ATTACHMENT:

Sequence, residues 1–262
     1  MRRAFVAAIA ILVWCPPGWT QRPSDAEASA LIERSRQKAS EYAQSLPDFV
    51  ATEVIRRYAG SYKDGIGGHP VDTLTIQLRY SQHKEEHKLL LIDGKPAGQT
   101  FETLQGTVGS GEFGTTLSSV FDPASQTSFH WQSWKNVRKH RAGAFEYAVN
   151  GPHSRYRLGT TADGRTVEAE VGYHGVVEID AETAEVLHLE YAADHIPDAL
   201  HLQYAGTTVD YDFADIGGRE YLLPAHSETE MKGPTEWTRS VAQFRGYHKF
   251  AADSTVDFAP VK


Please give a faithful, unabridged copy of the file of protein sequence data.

Sequence, residues 1–262
     1  MRRAFVAAIA ILVWCPPGWT QRPSDAEASA LIERSRQKAS EYAQSLPDFV
    51  ATEVIRRYAG SYKDGIGGHP VDTLTIQLRY SQHKEEHKLL LIDGKPAGQT
   101  FETLQGTVGS GEFGTTLSSV FDPASQTSFH WQSWKNVRKH RAGAFEYAVN
   151  GPHSRYRLGT TADGRTVEAE VGYHGVVEID AETAEVLHLE YAADHIPDAL
   201  HLQYAGTTVD YDFADIGGRE YLLPAHSETE MKGPTEWTRS VAQFRGYHKF
   251  AADSTVDFAP VK